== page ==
3 Tips To Help Actors Stressed About the State of the Industry

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I’m sure you’ve been getting a lot of questions and comments lately about our current situation. “How long will we be out of work?” “What will the future of film look like?” “It feels like forever until theaters can open again.”

The last time I was this stressed was 10 years ago. I was brand new to Chicago and living in a studio apartment. I went from friends all around me to zero. Plus, I was broke with no clue how to be an actor. Fast forward 10 years and I’m in the best day job I’ve ever had. I have access to a hard-to-get audition and my first lead role in a web series. Then, the coronavirus hit. The day job laid me off. All those casting directors couldn’t cast me if they wanted to and my web series got postponed. Now, this is normally where I’d tell you how things got so much better: New job, new opportunities, fell in love during quarantine...unfortunately, that’s not the case.

But here’s the thing. If I went from zero friends, a low paying job, and zero clue as to how to be an actor to where I am today? That means I figured it out before and I’ll figure it out again. In case you haven’t realized it, you’ll figure it out too.

If you’re not embracing the whole “things will get better” attitude, no sweat. Here are some tips to keep in mind.

1. Go easy on yourself. No one taught us this. 
Remember when you went to acting school and learned a bunch of things? Script analysis, taking care of your voice, and so much more? Then maybe took some on-camera classes after you graduated? I’m guessing you learned things that you didn’t know before. We’re in a business with constant rejection and ongoing comparison to our peers, but for some reason, amid everything else we’re not taught about our mental health. Which means we lack the necessary tools in our tool belt.

It’s the same thing for this pandemic. No one’s taught us how to handle this. If you’re feeling extra stressed, start by going easy on yourself for feeling whatever comes up.

2. You’ve figured out hard things before. You’ll figure this out too. 
My story of moving to Chicago might sound similar to something you’ve experienced. Did you figure out how to get an agent? How to become SAG eligible? How to earn your EMC card? Or maybe you’re not there yet, but you know how to apply to agents or crash Equity calls.

If you’re an actor, that means you’re tough. You have a resilience others don’t necessarily have. You’re an actor. You’ve done hard things before. You figured them out. You’ll figure this out too.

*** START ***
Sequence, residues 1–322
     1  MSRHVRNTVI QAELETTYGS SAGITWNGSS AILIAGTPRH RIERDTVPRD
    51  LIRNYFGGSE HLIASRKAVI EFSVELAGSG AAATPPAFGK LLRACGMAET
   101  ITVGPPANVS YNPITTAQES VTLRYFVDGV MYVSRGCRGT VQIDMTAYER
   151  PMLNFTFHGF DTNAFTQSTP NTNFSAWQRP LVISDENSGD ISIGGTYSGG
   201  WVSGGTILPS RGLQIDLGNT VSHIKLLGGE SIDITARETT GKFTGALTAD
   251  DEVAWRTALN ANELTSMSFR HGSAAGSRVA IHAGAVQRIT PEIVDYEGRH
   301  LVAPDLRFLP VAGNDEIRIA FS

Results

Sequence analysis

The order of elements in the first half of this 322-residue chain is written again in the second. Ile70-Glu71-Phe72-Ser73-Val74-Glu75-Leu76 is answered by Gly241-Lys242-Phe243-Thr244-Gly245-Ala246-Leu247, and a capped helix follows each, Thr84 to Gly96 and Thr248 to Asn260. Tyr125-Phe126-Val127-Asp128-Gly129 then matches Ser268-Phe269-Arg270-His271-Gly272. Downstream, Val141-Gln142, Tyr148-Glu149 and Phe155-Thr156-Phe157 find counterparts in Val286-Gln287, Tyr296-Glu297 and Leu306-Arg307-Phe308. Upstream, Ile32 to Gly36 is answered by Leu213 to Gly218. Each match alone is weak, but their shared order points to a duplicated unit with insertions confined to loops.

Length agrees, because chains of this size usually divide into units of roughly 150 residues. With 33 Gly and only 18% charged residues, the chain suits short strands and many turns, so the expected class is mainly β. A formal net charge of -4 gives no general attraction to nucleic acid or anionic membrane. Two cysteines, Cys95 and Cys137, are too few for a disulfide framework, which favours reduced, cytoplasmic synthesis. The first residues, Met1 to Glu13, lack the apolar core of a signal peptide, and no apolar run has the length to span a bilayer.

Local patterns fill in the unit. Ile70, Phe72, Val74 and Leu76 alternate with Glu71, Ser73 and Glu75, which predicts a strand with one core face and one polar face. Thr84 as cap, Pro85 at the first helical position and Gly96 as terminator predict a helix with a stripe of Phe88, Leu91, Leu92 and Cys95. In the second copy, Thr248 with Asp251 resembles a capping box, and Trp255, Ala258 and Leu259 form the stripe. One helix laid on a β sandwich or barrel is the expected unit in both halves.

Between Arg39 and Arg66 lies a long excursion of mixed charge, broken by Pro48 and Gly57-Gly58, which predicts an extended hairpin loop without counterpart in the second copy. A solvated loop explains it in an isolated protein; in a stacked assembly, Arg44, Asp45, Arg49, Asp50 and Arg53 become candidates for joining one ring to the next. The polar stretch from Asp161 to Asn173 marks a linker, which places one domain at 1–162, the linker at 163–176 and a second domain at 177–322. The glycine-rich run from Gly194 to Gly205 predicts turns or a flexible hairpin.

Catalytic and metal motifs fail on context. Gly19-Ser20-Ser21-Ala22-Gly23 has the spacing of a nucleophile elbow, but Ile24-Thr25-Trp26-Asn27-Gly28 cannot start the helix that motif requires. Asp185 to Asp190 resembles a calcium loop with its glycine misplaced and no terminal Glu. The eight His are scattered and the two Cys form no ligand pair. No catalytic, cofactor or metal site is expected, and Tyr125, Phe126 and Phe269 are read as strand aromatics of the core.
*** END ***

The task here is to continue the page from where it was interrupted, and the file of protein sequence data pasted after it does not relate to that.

3. You’re allowed to enjoy parts of this. 
We live in a very black or white, either-or, type of world so it’s natural if your mind jumps to “I have to be super depressed or super positive.”

What if we could both acknowledge what’s going on and feel sad when we feel sad while accepting the parts that are good? Happy to have a break from auditions? Happy you get a break from your restaurant job? It’s allowed! It doesn’t mean you hate acting or you wish ill on the restaurant. You’re simply taking the good that comes with the bad.

I hope these tips help the next time you’re wondering “How will I figure this out?” Or better yet, “How will the business figure this out?” My advice? Focus on what’s in your control. Enjoy the good that comes with the bad and please remember that you’ve done hard things before. You’ll learn how to do them again with this.

If we take care of both ourselves and each other, I really believe we’re going to be OK.

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The views expressed in this article are solely that of the individual(s) providing them,
and do not necessarily reflect the opinions of Backstage or its staff.

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Tony Rossi
Tony is a Chicago based actor, having performed both in the Chicago and Boston markets. His training includes the Second City Conservatory and the Business of Coaching and Speaking certification program. After hitting his rock bottom while waiting tables, Tony now coaches actors to see things differently with the things that make them stressed so they can focus on what matters. Check out the Actor Problems podcast, dedicated to the mental well being of actors.
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